What happened to the doctor's white coat?

Once a comforting sign of heroism, the cloak has become increasingly unpopular -- much like physicians themselves


Rahul Parikh
March 14, 2011 4:01PM (UTC)

Is there a more iconic symbol of the physician than the white coat? Think of America's most famous fictional doctors: Marcus Welby, Dr. John Carter, every soap opera doctor who ever graced daytime. They're always moving through the halls in that authoritative white coat, so crisp it could have come only from the props department of the TV studio. But the white coat has been under a bit of an assault, its status waning for at least two decades (a bit like doctors themselves). It's telling that one of today's most popular TV physicians, Dr. House, doesn't wear one. It's a sign not only of the character's eccentricity, but also of our changing attitudes toward the medical profession.

White coats didn't start out as anything more than a practical piece of clothing. In the late 19th century, surgeons wore white short-sleeved jackets over their street clothes -- the beginning of aseptic techniques to minimize infection. Longer coats emerged later, inspired by scientists working in microbiology labs. These, too, were practical, but they gave the doctor an official air as well. In the 19th century, medicine was in its nadir, overrun with quacks and phony tonic salesmen. In response, reputable but frustrated physicians moved to debunk these charlatans and resurrect medicine's reputation by aligning it with science. And the lab coat as the symbol of modern, rational medicine was born. Initially these coats were tan in color, but as America headed into a new century, white became the color of choice -- pure, true, even angelic, befitting the heroic role these doctors played: putting patients under anesthesia to operate and then resurrecting them, miraculously cured.

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But medicine has changed over a generation -- and so has doctors' standing. The image of the doctor as omniscient and omnipotent became harder to uphold. When infection caused most of the country's illness and death, physicians could quickly save lives with antibiotics. The development of vaccines rapidly cured once fatal illnesses like measles and polio. Then, out with the acute and in with the chronic: diabetes, heart disease, cancer, etc. Hospitals transformed from a holy grail of healing to a place where one has to go -- again and again -- for continuous tests and treatments. And chronic disease management -- vomiting, hair loss and chemotherapy -- causes its own suffering. Doctors have become increasingly transparent and guess what? We make thousands of mistakes each year, some of which seriously injure or kill patients. We struggle to stay smart because as our understanding of disease has gotten more complex, we can't keep all the facts -- many of which often conflict -- stuffed in our heads.

Power shifts have also occurred. In the past, it was a man's world, and the white-coated elite ruled over all -- nurses, patients and students. Today, women constitute 50 percent of medical school graduates, nurses have made sure that doctors show RNs more respect (deservedly so), and patients are more assertive of their rights as partners in their own care. Health care has also become more fragmented. Whereas in the past, it was a doctor-nurse dyad managing a patient, today, it's doctor, nurse, medical assistant, nurse manager, social worker, dietician, respiratory therapist, lab tech, nurse practitioner (and the list goes on).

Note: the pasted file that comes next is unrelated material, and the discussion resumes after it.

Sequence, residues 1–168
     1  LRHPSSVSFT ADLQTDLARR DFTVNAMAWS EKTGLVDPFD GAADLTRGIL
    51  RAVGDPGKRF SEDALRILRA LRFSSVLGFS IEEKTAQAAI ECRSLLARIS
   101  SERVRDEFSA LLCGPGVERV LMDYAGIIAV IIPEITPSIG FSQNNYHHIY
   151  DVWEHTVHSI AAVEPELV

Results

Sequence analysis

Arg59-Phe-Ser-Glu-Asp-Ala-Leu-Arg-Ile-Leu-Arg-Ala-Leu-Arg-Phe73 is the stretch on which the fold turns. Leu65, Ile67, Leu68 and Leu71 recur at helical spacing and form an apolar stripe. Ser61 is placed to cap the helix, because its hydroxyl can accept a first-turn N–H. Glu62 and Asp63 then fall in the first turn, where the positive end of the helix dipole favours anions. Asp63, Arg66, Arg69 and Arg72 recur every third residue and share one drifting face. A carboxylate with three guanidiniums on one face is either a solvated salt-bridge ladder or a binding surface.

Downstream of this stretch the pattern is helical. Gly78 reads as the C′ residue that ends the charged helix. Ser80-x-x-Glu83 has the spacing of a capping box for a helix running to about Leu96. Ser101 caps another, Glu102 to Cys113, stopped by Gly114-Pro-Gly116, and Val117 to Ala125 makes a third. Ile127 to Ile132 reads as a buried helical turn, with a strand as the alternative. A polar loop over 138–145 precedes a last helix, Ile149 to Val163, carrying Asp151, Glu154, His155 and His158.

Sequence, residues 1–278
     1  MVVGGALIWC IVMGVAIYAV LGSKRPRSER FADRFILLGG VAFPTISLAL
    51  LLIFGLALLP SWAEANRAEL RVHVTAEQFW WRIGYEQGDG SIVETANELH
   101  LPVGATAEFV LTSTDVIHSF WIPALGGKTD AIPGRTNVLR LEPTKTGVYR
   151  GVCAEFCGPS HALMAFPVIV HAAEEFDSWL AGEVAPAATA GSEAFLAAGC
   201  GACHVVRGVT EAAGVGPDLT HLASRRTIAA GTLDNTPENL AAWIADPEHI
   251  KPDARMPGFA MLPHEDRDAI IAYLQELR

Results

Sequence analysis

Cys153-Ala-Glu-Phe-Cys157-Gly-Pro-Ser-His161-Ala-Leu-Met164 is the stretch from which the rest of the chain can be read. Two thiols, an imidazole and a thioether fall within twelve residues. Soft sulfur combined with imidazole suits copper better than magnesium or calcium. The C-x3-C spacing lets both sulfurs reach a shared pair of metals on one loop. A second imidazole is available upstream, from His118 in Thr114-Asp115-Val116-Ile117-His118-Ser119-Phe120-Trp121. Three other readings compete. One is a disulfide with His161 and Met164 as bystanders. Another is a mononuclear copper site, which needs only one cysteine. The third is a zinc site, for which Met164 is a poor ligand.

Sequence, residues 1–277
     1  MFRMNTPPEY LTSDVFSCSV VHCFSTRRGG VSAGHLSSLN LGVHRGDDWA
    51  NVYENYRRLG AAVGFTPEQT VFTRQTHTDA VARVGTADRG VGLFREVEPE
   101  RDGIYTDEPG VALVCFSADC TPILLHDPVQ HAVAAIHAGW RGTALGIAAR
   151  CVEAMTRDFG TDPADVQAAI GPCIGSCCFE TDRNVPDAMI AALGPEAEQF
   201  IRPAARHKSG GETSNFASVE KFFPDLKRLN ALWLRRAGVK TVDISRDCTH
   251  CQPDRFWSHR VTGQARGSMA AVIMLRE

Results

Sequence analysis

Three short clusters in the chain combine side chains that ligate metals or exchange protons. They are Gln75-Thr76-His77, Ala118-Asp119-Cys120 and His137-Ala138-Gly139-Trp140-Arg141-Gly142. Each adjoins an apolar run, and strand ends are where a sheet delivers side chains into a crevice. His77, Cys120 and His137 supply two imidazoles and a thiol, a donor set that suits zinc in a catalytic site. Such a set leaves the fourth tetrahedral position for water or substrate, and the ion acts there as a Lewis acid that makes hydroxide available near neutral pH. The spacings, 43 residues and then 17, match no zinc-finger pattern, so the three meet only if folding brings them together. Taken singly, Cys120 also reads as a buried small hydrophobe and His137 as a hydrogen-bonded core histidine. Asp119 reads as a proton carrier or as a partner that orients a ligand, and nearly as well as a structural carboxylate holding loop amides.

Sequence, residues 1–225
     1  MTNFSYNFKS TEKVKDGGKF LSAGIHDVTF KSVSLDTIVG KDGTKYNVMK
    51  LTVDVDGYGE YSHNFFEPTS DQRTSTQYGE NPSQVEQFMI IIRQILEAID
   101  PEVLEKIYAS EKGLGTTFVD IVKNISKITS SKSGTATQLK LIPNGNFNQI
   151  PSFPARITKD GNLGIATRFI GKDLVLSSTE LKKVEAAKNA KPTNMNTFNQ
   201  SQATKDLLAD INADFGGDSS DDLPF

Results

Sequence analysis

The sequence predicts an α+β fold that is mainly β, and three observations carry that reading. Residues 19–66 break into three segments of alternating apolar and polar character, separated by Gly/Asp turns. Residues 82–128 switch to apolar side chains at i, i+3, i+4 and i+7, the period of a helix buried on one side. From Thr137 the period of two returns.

Ironically, recent studies have shown that white coats, particularly the pockets and sleeves, can hold significant reservoirs of bacteria, making the very garb we wear to prevent the spread infection one of the best vessels for it. In 2008, the UK's National Health Service banned the white coat and instituted a whole new dress code for its docs and medical staff. In addition to banning the coats, the NHS also banned long-sleeved shirts for similar reasons. The American Medical Association is exploring similar changes, but it cites a lack of strong evidence, as well as the fact that professional attire like white coats give doctors some legitimacy and patient confidence.

I don't know what happened to my first white coat -- like a lot of things, it got lost along the way from being a young, naïve and idealistic medical student to an attending physician who knows that the more you see, the less you know. After the rush of having one wore off (it took one nasty call night), the white became more functional -- I had to have enough pockets to hold onto my reference books, notes, pens, stethoscope, beeper, etc. I definitely didn't wash it enough, and I had no shame of wearing it with a coffee or ketchup stain.

Since becoming an attending physician, I haven't put one on because I have an office to keep all those things in. Also, most pediatricians specifically don't wear them because we've been told that little kids find white coats threatening. But it turns out that's a myth: Studies actually say they prefer that their doctor wear one.


Rahul Parikh

Rahul K. Parikh is a physician and writer in the San Francisco Bay Area. He wrote the Vital Signs column on Salon in 2008-2009. His pop culture-medical column, PopRx, runs on alternate Mondays.

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